How and why should I measure the strength of a protective coating?
Modern industrial processes continue to place heavy demands on tools, equipment and structures. As a result, the protective coatings used to shield these assets must be able to maintain their integrity, particularly in aggressive and challenging environments.
Coating strength is defined as the ability of the coating to withstand loading without a coating failure (e.g., peeling, adhesion loss, cracking, wrinkling, erosion, etc.). This property is a direct indicator of the effectiveness of the protection offered. If the coating does not possess enough strength to resist applied forces, then it can fail and put the asset at risk for severe corrosion. (Be sure to download our Coating Failures and Defects Guide.)
Coating strength is measured by several mechanical tests. These tests involve subjecting the coating to multiple load conditions while observing the coating's response. Various coating strength properties are measured using several tests methods, some of which include:
Coating hardness measures the ability of the coating to withstand indentation or deformation from external forces (e.g., a sudden impact). This property is measured using several tools, including the Buchholz indentation, pendulum hardness and pencil hardness tests.
The abrasion test measures the coating's resistance to removal via scraping. This test determines the coating's ability to remain in place when rubbed against another surface. The Taber abrasion test and scrub abrasion test are most commonly used to measure this property.
The adhesion test, as its name implies, measures the quality of the bond between the coating and the substrate. If the coating lacks sufficient adhesion to the surface, it can peel or flake off, leaving the substrate exposed and vulnerable to corrosion. Coating adhesion tests include the pull-off adhesion test, the tape adhesion test and the crosscut adhesion test. (Learn more about adhesion testing in 4 Types of Tests that Measure the Strength of a Coating.)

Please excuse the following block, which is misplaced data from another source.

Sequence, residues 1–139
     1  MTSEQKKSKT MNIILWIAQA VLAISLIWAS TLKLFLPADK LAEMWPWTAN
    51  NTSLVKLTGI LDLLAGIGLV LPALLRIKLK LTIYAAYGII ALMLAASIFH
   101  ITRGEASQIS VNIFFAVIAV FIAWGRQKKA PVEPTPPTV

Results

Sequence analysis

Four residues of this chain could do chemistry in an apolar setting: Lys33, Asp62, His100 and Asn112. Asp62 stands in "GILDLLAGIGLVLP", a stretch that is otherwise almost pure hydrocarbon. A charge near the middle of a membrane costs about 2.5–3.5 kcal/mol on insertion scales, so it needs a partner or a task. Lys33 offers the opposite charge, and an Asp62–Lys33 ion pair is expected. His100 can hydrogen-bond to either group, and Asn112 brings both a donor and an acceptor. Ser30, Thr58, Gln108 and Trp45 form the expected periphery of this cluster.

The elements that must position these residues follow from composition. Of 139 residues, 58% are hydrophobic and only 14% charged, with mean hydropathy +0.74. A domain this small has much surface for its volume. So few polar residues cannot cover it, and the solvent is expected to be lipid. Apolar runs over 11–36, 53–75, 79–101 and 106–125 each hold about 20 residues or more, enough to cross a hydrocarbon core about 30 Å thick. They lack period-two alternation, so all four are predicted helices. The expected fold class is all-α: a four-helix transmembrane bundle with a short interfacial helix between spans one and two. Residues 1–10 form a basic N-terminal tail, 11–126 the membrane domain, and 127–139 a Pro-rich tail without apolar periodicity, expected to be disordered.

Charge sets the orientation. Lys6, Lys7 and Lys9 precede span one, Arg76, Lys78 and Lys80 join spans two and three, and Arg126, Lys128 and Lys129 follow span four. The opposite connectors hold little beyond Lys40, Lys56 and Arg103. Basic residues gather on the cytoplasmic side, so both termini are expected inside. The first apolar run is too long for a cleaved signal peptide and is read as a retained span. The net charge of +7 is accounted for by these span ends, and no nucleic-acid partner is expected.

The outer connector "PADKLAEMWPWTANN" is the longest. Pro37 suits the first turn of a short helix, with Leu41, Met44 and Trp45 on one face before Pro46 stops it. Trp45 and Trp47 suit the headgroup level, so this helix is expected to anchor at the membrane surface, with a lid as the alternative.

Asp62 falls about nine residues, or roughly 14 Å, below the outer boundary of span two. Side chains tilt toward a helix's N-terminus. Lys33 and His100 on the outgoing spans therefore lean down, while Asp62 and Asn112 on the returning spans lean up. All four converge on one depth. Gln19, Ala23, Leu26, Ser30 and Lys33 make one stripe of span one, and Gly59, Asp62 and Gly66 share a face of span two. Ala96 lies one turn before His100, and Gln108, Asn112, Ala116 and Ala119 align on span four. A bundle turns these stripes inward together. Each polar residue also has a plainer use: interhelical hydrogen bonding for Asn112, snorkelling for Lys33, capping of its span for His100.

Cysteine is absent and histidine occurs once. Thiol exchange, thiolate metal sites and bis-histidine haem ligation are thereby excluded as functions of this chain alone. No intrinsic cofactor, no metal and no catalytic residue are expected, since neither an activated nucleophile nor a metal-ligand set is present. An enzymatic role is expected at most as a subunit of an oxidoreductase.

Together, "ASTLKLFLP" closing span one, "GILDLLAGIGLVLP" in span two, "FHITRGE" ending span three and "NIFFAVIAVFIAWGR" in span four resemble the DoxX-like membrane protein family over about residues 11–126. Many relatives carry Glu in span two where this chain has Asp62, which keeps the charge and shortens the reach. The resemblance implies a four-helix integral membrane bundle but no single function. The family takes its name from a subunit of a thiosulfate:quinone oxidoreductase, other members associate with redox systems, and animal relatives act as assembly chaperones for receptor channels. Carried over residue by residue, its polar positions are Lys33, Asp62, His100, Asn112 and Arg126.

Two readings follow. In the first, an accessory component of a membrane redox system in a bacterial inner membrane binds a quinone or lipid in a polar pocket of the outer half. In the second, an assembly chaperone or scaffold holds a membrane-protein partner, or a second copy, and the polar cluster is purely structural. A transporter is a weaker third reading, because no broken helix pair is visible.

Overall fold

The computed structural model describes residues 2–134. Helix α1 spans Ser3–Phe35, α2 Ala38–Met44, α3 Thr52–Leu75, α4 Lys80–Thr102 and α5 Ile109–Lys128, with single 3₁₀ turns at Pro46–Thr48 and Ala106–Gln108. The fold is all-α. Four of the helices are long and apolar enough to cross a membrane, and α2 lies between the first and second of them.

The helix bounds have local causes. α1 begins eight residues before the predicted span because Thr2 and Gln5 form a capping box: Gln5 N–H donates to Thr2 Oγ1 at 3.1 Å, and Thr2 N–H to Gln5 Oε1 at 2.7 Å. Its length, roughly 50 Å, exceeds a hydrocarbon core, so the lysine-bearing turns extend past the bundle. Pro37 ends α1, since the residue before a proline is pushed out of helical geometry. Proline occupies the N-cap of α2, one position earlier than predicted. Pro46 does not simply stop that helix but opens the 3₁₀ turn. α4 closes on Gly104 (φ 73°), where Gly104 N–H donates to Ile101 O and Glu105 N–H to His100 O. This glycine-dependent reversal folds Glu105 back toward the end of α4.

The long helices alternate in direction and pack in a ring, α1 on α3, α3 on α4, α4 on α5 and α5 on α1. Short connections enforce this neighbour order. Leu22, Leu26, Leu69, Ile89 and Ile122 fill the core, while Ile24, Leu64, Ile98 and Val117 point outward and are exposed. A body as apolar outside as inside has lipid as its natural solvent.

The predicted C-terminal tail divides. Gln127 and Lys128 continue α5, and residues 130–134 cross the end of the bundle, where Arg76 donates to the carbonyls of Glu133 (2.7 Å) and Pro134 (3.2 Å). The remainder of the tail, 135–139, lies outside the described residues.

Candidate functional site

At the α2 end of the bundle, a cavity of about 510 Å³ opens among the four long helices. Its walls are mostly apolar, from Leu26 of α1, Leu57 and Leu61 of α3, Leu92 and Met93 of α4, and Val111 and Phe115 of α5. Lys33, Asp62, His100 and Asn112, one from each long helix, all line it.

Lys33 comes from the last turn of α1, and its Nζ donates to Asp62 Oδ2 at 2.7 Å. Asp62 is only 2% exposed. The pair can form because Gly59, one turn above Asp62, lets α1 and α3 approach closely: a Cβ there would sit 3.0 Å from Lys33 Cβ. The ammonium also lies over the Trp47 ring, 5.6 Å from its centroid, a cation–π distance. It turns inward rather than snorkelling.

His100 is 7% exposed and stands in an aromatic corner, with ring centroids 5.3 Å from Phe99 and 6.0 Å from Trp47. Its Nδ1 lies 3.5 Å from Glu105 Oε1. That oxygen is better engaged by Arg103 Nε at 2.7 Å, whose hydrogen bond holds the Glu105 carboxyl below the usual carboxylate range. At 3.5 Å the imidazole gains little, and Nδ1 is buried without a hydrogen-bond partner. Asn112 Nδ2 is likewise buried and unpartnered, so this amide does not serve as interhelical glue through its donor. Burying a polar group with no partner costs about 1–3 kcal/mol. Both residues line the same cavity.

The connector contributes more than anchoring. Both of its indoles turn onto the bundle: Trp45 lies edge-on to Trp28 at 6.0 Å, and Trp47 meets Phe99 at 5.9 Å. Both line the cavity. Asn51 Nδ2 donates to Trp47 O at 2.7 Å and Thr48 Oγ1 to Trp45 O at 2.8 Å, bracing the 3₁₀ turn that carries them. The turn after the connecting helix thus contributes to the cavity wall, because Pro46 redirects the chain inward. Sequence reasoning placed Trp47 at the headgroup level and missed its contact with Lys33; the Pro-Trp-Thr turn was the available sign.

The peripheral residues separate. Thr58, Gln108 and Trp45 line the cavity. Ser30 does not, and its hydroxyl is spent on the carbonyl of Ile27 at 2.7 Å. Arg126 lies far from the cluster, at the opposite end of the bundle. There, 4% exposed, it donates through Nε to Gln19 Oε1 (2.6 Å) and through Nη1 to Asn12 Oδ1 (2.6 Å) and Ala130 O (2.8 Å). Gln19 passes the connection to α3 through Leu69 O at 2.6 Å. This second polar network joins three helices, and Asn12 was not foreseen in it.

When a coated material undergoes deformation, the coating needs to be able to deform likewise while maintaining its integrity. The most common way of measuring the flexibility of a coating is to bend a coated panel over a cylindrical or conical-shaped bar. If the coating is too brittle, it will develop cracks as a result of the bending.
More Q&As from our experts
- Are there some anti-corrosion applications in which airless spraying is a bad idea?
- How can you avoid flash rust during wet blasting?
- What are the different Xylan coatings and how do I decide which is best?
- Coating Strength
- Pull-off Adhesion Test
- Pull-off Strength
- Pencil Hardness Test
- Taber Abrasion
- Adhesion Test Failure
- Coating Adhesion
- Mechanical Adhesion Testing
Don't miss the latest corrosion content from Corrosionpedia!
Subscribe to our newsletter to get expert advice and top insights on corrosion science, mitigation and prevention. We create world-leading educational content about corrosion and how to preserve the integrity of the world’s infrastructure and assets.
- QUIZ: 11 Questions to Test Your Underwater Inspection Knowledge
- (FREE DOWNLOAD) Solvent Recycling: Acetone, MEK, Lacquer Thinner and Toluene
- Come Write for Corrosionpedia!
- FREE Download on our sister site Trenchlesspedia: The Ultimate Guide to Underwater Remotely Operated Vehicles and Robots
- QUIZ: All About Robotic Crawlers — 12 Inspection Questions!
- QUIZ: Corrosion and Protection of Underground Pipelines
- Come write for Trenchlesspedia
- Free Webinar: Accomplish the Impossible with Integrity Intelligence
- WEBINAR: MITIGATING CUI: A TWO-PRONGED APPROACH
- Free Webinar: Accomplish the Impossible with Integrity Intelligence | Tuesday, March 10, 2020 10:00 AM (CST)